Our backs are wonderfully designed, and very complex. They support us in an upright position, allowing us to sit and walk without pain. That is most of the time. There are situations, however, that can cause sever back pain, and airplane flight time is one of those situations.
This Is Your Pilot Speaking
Pilots and co-pilots often refer to severe back pain as an occupational hazard. Military pilots, especially those flying helicopters, are bothered by it regularly. Airplane flights with severe back pain are, in fact, an overwhelming problem for your pilot and co-pilot. While you have the luxury of getting up and moving around the cabin on a fairly frequent basis to relieve you back, your pilot and co-pilot spend most in-flight hours in their cockpit, experiencing increasingly severe back pain – especially in the lower back. Why is that? what causes such severe back pain in pilots?
- Prolonged sitting
- Ineffective seat padding
- Poor posture
- Constant vibration
- Stress – very high among pilots
- Use of navigational instruments, causing pilots to lean forward.
Passengers Also Experience Airplane Flights with Severe Back Pain
While pilots and other crew members develop severe back pain due to lengthy and frequent flights, passengers are not immune to the problem. They are not confined to a cockpit, but a number of factors contribute to severe back pain in passengers. Many are similar to those experienced by flight crew.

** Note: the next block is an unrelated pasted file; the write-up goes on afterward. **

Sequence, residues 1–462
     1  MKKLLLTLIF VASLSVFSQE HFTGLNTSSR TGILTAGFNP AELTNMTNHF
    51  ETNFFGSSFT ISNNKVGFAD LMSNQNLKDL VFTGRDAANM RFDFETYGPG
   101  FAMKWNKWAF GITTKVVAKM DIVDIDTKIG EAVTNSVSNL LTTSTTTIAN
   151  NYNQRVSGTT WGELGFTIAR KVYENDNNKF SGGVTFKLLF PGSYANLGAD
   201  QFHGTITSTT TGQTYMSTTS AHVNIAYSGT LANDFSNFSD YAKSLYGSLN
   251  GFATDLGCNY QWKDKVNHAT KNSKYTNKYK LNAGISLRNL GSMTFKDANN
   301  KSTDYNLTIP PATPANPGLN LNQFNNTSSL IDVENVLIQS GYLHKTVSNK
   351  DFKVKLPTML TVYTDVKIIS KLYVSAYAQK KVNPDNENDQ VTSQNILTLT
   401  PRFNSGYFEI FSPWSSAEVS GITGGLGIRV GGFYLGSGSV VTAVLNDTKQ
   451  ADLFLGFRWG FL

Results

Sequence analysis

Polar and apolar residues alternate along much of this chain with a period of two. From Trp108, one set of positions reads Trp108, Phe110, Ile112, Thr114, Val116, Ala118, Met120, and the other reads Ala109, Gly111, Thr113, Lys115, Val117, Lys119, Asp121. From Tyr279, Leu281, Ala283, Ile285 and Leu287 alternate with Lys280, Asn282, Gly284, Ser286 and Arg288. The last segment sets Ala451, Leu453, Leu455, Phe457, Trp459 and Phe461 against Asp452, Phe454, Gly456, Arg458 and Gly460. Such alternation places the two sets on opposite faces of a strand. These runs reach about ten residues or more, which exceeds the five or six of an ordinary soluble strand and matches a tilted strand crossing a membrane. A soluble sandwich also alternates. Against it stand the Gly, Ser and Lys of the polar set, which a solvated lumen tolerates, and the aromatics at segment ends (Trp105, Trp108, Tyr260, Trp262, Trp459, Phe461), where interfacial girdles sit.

- Prolonged sitting – even though one may move about the cabin, it sometimes seems more trouble than it is worth to do so. There is always hope that no severe back pain will result.
- Poor posture – cramped quarters, especially in economy class, make it difficult to maintain both posture and comfort.
- Constant vibration – It is unclear how much vibrations influence flight back pain, but it is known that vibration can produce micro-trauma and disc damage in the back.
- Stress – even seasoned travelers experience a degree of stress during airplane flights. The lack of control over one’s environment is gone, and the body stresses until it returns to normal settings.
For the pilot, severe back pain can be distracting. He or she may compromise safety in an effort to deal with the pain. Concentration may be reduced, and flights delayed. Severe back pain can even lead to flight cancellations. Even young, otherwise healthy pilots, are susceptible to this problem. As a pilot gets older, the probability of suffering increases. Arthritis may become involved. Long flights may become impossible.
For passengers, severe back pain can greatly hinder activity once they reach their destinations. The stress and unnatural position assumed during the flight lead to fatigue. When that is coupled with the pain, it intensifies, creating even more severe back pain. If passengers have flown through several time zones, the effects will be more difficult to handle.
Treating Your Severe Back Pain
If you are a flight crew member, you should see your medical practitioner. You may need pain medication to provide immediate relief. Look into an ergonomic cushion to assist in better posture and provide support. Exercise between flights to loosen tired muscles.
If you are a passenger, seek the advice of a physician. Severe back pain can have causes other than those presented here. You will want to rule out underlying disease or injury. With your physician’s approval, exercise before and after flights. During flights, even if you’d rather not, get on your feet when permissible and walk around the plane. You may not be able to avoid the airplane flights, but you can avoid much of the severe back pain.